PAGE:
Sunday, September 18, 2011
21 Things About My Invisible Illness
It is said that 50% of the U.S. population suffer from some kind of invisible illness. This is invisible illness week so I thought I would share 21 things about how I deal with Type 1 Diabetes. And why 21 instead of 30? Well, I was diagnosed 21 years ago this month.
1. The illness I live with is: Type 1 Diabetes
2. I was diagnosed with it in the year: 1990 (September)
3. But I had symptoms since: Three months before
4. The biggest adjustment I’ve had to make is: having to spend so much time taking care of myself.
5. Most people assume: that I did something to cause it. After I was first diagnosed I had a close family member tell me that I probably got diabetes because of the anti-depressant I started taking the previous winter. People like to find reasons for things that usually have no identifiable reason. Also, people often assume that I have Type 2 Diabetes because I am overweight and I was 26 when I was diagnosed.
6. The hardest part about mornings are: that they come! I am a true Night Owl.
7. My favorite medical TV show is: Glee? Not medical, but my ER days are over and my own life is enough medical drama for me.
8. A gadget I couldn’t live without is: My insulin pump, my new Dexcom CGM, and my new compass in my car - an archaic GPS system for a girl who now lives in the Middle East but is used to living in the Rocky Mountains and establishing her whereabouts with peaks and valleys
9. The hardest part about nights are: making myself give up on the day and actually going to bed.
10. Each day I take: one vitamin, and five other pills, and of course insulin infusion.
11. Regarding alternative treatments I: I think alternative treatments have their place but when a few of the health "experts" in my family try to convince me that my type of diabetes can be cured through diet, exercise, or the homeopathic drop of the month, I get my back up and stand more firmly behind science and traditional medicines.
12. If I had to choose between an invisible illness or visible I would choose: Both? It is nice being somewhat incognito with my illness, but there are times when I wish diabetes could have a more visible, public, heart-breaking appeal so that researchers, rich donors, and governments would be more motivated to find a cure. Which Hollywood mogul is going to wear the diabetes ribbon on his or her awards ceremony designer fashion and pound the pulpit of awareness? Even the celebrities who have diabetes are pretty quiet about it. I bet Wilford Brimley comes to mind when you think of diabetes, but what about Mary Tyler Moore, Halle Berry, Nick Jonas, and Salma Hayek? I think that because this disease is perceived as so "manageable," along with those who suffer from it, the world does not make it a passionate priority. Maybe we need to get more rowdy fellow diabetics!!!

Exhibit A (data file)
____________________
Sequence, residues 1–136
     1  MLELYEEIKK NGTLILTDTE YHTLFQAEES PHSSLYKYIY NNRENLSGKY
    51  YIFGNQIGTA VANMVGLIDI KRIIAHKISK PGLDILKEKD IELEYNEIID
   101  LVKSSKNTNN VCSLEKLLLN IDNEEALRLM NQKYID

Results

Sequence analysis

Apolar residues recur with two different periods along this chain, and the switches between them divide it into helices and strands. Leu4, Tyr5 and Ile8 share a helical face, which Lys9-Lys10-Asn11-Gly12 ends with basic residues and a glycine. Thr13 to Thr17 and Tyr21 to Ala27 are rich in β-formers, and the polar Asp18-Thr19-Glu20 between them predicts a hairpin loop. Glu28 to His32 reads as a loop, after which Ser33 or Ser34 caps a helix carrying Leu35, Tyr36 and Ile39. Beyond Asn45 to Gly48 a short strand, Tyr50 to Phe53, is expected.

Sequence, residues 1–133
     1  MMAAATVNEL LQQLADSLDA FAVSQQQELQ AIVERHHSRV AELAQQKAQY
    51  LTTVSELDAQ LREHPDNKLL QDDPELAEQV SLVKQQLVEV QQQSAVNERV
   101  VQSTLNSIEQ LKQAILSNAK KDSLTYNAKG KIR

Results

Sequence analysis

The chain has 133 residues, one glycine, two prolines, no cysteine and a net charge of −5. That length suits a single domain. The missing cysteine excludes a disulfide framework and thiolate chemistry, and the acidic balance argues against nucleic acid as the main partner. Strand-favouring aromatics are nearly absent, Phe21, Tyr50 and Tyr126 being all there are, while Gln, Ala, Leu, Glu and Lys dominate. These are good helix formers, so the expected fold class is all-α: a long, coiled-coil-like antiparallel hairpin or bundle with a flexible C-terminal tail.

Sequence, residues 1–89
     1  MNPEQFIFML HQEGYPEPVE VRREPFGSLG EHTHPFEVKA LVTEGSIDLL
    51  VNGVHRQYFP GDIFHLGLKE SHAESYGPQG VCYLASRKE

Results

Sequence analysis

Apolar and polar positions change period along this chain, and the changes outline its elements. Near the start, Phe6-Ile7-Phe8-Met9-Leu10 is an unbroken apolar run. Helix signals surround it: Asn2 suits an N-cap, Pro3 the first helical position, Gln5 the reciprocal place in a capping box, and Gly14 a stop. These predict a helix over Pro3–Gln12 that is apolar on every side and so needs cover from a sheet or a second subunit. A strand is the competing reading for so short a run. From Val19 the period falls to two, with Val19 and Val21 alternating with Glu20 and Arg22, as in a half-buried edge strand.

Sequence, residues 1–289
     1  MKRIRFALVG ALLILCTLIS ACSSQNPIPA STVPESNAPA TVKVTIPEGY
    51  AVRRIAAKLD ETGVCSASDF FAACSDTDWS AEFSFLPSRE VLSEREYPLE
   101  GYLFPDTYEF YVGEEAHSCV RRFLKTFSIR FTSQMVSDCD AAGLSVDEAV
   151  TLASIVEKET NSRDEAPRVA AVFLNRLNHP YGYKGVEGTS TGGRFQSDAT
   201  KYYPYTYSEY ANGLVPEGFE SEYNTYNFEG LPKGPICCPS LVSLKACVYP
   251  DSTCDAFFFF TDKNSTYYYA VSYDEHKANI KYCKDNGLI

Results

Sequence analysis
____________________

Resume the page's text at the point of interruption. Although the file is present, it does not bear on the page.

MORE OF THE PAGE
13. Regarding working and career: I used to be a junior high English teacher, in fact one of the biggest reasons I went back to school and chose a stable career in teaching is because I knew I would receive health benefits. We had no health insurance when I was diagnosed, so when I landed my first teaching job I felt so blessed to finally have help with my medical costs. Unfortunately, teaching is a rigorous profession and physically demanding. One of the many reasons we moved to the Middle East is so Brett could make enough so I wouldn't have to work and I could concentrate on taking care of my health. Has it worked? Well, that is another blog post entirely.
14. People would be surprised to know: How much time, money, and energy it requires to be a proactive diabetic. Insurance only goes so far. Sometimes I fantasize about all the Hawaiian vacations we could have gone on with the money we spend on diabetic care. I also fantasize about being Elasti Girl too, but that isn't all about diabetes.
15. The hardest thing to accept about my new reality has been: Limitations. I have never been good with missing out on anything. My mom tells me that I never liked going to bed as a child and it probably was because I couldn't stand to not be in the middle of things. So sometimes diabetes has waved its annoying hand in my face and forced me to lie down, rest, cancel a fun appointment, and on one vacation, miss hours of Disneyland fun.
16. Something I never thought I could do with my illness that I did was: travel to less than modern countries like Nepal, Sri Lanka, Jordan, and live in the Middle East. Yes, it is possible to take a year's worth of insulin on a commercial airline in my carry-on bag.
17. The commercials about my illness: are lame and frustrating and don't seem to educate the public about the diversity in the diabetes community. Do you still use the term "juvenile diabetes?"
18. Something I really miss doing since I was diagnosed is: making my own insulin.
19. It was really hard to have to give up: My freedom from gadgets. I'm not one of those women who is glued to her iPhone. I would rather not have to recharge any battery, EVER, but it seems that the longer I have this disease the more bionic I become. I tote my insulin pump on my right hip and my Dexcom on my left. I often feel like a pink version of Clint Eastwood ready for a blood sugar gun fight at any time.20. My illness has taught me: I am stronger and weaker than I thought and has made my life and the miracles of my working body parts so much more precious. And I CAN do difficult things, even when my blood sugar is hovering at 32. I don't recommend it, but I have done it.
21. If I could have one day of feeling normal again I would: Leave the house without a giant purse full of diabetic supplies and probably jump into the pool without worrying that I am ruining a $5000 gadget - yes, I've done that.
You too can share about your invisible illness by going here and answering the simple questions. You don't have to be as wordy as I have been and you might get through all 30 questions!